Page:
Lippard’s final gauge of quality is context. Hills provides very little context for his painting in the sense of explanation, leaving it up to the viewer to decide what to take out of it. Conversely, Kinkade gives a whole explanation of his art, with the caption on his website saying that “Two pairs of footprints in the sand narrow to one, reminding us that when our lives are troubled, God will carry us through to joyous spiritual victory.” This context alienates the nonreligious and believers in a non-God entity. Furthermore, the American flag excludes people of other nationalities by essentially implying that this clichéd perfect scene only takes place on American beaches.

As Tolstoy says, a work of art can be classified as ‘real’ if and only if one man consciously by means of certain external signs, hands on to others feelings he has lived through, and that others are infected by these feelings and also experience them. According to this philosophy, Hills’ paintings would be categorized as real because he paints from experience and in an effort to capture the beauty of these places so that others may enjoy them and be infected by the simple beauty. However, Kinkade’s work does not meet these standards because he paints what he thinks will be aesthetically pleasing to the general population of America, and although he gives explanations of each of his works on his website, these “deep meanings” are negated by the fact that he mass produces his paintings, adding details in real paint on the prints so that they seem more authentic.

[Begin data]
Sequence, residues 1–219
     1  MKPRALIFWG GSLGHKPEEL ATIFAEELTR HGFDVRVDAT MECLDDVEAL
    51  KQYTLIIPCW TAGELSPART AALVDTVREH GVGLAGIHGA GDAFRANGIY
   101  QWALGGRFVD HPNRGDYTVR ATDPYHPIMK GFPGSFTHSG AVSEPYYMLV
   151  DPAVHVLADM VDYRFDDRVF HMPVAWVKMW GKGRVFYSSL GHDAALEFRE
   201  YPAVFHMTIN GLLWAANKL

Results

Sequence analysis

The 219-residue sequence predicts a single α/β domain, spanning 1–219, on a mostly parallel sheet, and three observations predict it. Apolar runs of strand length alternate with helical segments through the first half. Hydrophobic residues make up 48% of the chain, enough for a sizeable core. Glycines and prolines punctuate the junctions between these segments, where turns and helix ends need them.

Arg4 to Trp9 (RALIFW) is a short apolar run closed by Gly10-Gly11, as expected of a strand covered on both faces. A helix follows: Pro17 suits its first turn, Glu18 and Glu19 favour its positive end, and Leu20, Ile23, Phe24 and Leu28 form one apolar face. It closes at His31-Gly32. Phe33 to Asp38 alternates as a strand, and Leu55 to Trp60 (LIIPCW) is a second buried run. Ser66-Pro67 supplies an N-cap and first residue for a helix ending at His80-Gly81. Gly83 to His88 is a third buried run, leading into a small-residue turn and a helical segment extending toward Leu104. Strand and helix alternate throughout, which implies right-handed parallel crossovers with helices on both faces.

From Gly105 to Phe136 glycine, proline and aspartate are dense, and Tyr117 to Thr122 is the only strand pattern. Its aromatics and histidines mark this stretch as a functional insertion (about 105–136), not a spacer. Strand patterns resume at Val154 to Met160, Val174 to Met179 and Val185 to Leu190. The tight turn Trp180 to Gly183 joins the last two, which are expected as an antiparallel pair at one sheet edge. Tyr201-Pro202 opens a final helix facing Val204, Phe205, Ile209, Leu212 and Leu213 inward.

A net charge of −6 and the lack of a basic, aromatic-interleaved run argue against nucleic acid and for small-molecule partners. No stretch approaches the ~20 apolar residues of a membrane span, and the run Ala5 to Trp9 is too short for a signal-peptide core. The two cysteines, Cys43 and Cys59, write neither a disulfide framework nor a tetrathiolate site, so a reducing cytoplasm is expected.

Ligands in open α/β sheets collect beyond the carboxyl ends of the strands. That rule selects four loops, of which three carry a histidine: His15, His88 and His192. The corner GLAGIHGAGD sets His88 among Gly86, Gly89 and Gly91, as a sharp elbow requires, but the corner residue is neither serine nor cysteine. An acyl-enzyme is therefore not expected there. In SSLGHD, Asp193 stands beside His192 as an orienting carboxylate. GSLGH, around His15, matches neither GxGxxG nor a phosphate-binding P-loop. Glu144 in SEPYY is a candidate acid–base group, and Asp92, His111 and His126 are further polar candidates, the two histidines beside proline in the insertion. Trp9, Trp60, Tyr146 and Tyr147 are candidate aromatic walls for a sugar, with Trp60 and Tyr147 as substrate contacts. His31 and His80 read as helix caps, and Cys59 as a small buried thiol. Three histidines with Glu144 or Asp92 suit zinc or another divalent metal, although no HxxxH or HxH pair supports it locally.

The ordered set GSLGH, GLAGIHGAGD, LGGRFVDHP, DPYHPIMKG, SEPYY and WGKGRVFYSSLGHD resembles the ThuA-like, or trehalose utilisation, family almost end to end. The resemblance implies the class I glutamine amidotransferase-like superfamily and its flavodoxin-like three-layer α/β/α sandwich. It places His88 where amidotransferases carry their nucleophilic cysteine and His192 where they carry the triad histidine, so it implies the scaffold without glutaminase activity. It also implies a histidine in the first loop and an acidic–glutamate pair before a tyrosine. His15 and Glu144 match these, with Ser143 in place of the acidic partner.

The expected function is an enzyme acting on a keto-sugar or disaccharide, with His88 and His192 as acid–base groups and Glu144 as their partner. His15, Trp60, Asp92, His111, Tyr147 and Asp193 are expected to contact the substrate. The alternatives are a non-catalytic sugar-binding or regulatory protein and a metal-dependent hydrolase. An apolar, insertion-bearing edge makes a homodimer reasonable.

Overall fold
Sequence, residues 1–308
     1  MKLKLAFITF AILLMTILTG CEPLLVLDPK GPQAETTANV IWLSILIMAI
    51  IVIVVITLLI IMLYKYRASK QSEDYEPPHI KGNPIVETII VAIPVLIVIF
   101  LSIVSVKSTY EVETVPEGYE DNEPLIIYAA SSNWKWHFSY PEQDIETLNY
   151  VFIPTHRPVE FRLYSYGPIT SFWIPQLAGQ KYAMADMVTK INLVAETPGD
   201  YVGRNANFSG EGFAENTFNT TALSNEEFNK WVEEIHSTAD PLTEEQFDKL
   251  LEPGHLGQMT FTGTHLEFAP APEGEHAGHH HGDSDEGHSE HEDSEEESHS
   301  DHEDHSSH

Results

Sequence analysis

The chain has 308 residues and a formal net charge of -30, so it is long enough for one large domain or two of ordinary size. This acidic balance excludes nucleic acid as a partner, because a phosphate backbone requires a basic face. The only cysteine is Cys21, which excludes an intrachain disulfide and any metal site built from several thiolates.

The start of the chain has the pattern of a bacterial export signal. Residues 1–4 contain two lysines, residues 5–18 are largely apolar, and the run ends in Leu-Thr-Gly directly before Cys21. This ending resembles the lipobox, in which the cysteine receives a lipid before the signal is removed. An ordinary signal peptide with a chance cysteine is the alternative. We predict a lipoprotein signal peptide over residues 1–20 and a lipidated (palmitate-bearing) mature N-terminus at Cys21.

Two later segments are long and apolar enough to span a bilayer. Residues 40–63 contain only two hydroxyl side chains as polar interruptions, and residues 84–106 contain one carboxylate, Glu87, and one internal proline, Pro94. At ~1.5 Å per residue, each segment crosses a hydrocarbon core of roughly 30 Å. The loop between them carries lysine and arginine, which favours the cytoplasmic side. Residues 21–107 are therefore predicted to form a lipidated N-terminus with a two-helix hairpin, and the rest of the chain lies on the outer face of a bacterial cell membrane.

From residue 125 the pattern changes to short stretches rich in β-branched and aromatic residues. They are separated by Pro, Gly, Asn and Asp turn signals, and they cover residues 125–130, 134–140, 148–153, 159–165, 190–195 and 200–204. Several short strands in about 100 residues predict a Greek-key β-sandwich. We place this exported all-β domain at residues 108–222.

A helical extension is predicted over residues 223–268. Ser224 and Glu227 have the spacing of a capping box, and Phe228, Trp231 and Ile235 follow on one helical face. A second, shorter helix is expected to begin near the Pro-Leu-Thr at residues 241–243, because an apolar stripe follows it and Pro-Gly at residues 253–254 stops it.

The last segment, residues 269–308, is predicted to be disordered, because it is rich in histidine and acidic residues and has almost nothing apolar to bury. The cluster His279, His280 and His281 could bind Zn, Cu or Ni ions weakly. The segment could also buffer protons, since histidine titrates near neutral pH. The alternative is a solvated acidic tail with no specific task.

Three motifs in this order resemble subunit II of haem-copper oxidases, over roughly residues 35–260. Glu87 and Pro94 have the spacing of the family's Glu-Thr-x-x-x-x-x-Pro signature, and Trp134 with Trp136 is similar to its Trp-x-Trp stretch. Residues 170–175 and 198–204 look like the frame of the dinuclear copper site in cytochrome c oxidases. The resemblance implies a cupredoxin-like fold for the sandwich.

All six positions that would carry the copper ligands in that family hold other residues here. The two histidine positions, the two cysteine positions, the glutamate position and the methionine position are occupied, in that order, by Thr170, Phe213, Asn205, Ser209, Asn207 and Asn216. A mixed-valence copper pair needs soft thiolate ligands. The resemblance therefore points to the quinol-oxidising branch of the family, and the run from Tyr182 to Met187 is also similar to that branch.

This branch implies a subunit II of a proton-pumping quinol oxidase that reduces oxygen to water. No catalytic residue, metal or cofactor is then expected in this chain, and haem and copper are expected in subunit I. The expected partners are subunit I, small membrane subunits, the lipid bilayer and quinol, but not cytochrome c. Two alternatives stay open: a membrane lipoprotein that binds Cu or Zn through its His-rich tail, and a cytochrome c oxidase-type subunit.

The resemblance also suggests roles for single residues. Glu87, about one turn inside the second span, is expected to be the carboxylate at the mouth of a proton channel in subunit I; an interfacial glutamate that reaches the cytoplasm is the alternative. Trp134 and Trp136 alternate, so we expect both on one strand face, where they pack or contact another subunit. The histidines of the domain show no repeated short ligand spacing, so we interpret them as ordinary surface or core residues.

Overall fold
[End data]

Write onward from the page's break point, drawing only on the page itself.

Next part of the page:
It is astounding how much exterior contextual issues can affect one’s assessment of the quality of an artwork. If a viewer was presented with both of these paintings with no background information or prior knowledge, he or she would most likely favor one over the other, but based only surface issues such as color preference, since both are initially aesthetically pleasing. Hills’ piece more accurately captures a scene with emotion though, since he most likely painted the scene as it actually appeared, whereas Kinkade probably meshed the most pleasing parts of several scenes, or made up the whole thing altogether. His message is patriotic and God-loving, which may be appealing to some, but to be true art, the message should be open to interpretation. So, the content plays a role in the plausibility of the art, but the context is what really defines and quantifies the piece as quality art or not.

There are many ways to evaluate art, but all of them can be stripped down to analyzing the exterior context to some extent. Accurate judgment cannot be passed without taking into account the artist’s motivation, message, and philosophy about art. Even two incredible similar painted scenes can convey entirely different messages based on the context with which they are viewed.




“Untitled” by Steve Hills
(image forthcoming)

“Footprints in the Sand” by Thomas Kinkade



By: Cat Carroll
Major: Business Psychology
Minor: Spanish
Expected Graduation Date: December 2013
Hometown: Burien, WA

I did my final art project in high school on Steve Hills so I had an appreciation for his work and chose to compare him to Thomas Kinkade for this paper because of their similar content in these two paintings but vast differences in context.